B. Make four leaf-petiole cuttings of Saintpaulia (fuzzy leaves), Kalanchoe (smooth leaves with scalloped margins) or Pepperomia (smooth leaves with smooth margins). Treat one cutting with Rootone powder, one with Hormodin #1 powder, and one with Hormodin #3 powder. Leave the fourth cutting untreated. The treatments are made by dipping the petiole in plain water, shaking off the excess water, dipping in the powder, and shaking off the excess powder. Plant the four cuttings of a particular species, one per sector by treatment, in an upright position in friable potting soil in one of the pots. BE CAREFUL to put the cutting in the sector of the pot labeled with its treatment! Repeat for the other two species.
C. Place the pots in the designated area of the greenhouse.
III. Preserving Fruit Juice
|5/20/96||Bring a bottle of pure (no preservative) bottled Fruit Juice to class to make some wine. Cranberry-grape has been excellent in the past.
A. Decant the bottle to the level indicated by the instructor.
B. Tape the cap to the side of the bottle for use during aging.
C. Tap a few granules of dry wine yeast onto the surface of the juice.
D. Put plastic wrap over the top of the bottle and secure it with a rubber band.
E. Label your bottle with your NAME, and put the bottle in the designated area.
IV. Stem Cuttings
|5/31/96||A. Prepare 4 small cups:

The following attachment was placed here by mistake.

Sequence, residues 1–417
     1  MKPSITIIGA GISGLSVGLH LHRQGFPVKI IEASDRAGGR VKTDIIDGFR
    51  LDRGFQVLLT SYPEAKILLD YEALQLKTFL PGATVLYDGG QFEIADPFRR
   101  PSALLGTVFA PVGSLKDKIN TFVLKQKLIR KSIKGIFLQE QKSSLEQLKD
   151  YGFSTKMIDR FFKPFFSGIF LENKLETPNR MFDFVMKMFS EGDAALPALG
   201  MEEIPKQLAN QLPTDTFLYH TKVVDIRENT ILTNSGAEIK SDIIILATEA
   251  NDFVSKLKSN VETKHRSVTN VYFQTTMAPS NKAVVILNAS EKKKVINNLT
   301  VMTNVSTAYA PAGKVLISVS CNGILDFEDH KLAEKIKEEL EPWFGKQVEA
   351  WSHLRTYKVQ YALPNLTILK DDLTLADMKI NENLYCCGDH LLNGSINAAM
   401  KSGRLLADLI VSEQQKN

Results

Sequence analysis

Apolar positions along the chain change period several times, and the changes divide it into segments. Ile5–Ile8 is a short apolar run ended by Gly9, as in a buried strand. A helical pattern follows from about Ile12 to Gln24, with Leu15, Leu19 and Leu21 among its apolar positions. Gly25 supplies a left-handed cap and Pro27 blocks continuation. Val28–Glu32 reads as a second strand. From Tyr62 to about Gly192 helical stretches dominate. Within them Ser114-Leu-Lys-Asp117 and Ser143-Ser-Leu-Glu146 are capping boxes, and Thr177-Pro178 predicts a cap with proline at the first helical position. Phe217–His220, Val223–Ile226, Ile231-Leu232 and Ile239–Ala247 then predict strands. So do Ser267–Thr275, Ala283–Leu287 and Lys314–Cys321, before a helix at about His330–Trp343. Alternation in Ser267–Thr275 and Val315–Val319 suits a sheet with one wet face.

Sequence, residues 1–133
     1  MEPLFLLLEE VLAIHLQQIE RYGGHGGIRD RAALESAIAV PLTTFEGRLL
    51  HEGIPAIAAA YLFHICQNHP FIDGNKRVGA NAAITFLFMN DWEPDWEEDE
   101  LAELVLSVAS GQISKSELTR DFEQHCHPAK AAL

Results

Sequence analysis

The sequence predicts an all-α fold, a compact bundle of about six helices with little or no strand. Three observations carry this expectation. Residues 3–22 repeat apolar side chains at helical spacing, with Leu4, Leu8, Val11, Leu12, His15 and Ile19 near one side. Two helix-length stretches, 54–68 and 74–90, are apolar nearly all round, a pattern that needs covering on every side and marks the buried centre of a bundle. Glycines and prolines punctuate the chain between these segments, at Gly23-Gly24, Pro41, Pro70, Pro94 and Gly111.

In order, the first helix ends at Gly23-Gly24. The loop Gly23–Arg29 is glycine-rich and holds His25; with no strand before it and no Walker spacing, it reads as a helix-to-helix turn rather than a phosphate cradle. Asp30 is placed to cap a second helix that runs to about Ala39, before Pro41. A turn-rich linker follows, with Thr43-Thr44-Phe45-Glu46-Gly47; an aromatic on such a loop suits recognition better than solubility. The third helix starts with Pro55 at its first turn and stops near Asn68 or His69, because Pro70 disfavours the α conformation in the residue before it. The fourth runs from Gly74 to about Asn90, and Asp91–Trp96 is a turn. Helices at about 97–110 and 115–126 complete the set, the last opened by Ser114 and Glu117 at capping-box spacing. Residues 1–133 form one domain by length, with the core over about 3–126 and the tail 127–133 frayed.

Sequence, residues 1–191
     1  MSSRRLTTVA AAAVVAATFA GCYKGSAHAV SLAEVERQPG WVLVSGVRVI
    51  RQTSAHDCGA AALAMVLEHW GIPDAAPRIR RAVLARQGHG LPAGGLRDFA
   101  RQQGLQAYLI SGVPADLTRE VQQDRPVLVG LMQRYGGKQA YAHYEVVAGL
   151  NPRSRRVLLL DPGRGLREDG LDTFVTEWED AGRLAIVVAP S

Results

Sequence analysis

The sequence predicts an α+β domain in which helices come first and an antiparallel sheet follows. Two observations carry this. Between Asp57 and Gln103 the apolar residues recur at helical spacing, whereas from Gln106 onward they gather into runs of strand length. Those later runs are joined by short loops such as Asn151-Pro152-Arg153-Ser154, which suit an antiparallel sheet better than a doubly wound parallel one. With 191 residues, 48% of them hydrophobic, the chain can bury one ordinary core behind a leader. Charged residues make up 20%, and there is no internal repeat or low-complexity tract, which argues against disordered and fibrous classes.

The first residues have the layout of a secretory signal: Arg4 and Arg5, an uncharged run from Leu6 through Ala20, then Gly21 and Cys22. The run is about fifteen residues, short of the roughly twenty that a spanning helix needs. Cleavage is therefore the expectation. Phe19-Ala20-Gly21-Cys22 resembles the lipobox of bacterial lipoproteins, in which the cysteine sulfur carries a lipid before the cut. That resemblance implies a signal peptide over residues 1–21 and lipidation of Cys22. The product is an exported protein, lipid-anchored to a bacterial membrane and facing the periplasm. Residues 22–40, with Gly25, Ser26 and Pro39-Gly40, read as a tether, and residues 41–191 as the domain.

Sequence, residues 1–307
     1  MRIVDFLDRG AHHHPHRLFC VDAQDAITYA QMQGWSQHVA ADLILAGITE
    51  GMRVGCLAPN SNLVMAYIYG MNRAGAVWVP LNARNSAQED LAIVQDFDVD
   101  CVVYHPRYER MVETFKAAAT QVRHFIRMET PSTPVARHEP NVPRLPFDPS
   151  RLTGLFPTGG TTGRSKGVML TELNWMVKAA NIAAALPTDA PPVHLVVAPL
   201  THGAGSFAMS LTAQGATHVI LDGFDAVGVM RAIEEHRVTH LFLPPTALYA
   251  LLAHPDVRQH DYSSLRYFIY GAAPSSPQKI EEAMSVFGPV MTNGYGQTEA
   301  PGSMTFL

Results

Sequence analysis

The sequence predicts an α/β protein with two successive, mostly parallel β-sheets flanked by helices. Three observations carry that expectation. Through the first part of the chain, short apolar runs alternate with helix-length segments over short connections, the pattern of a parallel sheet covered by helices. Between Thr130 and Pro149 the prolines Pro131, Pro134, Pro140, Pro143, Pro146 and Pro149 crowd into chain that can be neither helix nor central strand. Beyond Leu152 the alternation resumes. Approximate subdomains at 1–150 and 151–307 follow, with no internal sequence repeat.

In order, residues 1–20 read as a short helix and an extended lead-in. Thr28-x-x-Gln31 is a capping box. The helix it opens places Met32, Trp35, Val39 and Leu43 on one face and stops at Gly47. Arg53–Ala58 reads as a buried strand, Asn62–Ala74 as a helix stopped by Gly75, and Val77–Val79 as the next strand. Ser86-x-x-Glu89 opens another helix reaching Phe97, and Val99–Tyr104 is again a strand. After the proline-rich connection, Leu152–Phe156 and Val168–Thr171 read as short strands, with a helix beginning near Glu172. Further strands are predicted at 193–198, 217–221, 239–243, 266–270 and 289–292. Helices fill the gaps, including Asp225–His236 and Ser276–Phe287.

1. Label each cup with the treatment and your group name. The four treatments are: "0 M IBA," "10-7 M IBA," "10-5 M IBA," and "10-3 M IBA."B. Retrieve your pots of Mung Beans in vermiculite from the greenhouse.
C. Carefully uproot the cuttings to minimize any damage to the stems. Examine the cuttings to find the cotyledonary node (maybe with shriveled cotyledons attached) and the two opposite pointed primary leaves at the node just above. Remove the cotyledons if they are still attached.
D. Using a razor blade carefully cut off the root system with a cut located 1 cm below the cotyledonary node. Immediately stand the stem cutting in one of the prepared cups. Continue this step until each cup contains ten stem cuttings. Put the cups in the designated area.
E. Return any undisturbed pots to the greenhouse. Put the used pot contents and any other plant debris into the compost bag as designated by your instructor. Clean up all vermiculite from the table surface (you might have to scrub a little). Remove all labels from the empty pots, rinse out the inside of the pots, and return the clean, empty pot to the designated area.
V. Plant Hormones
do 1 wk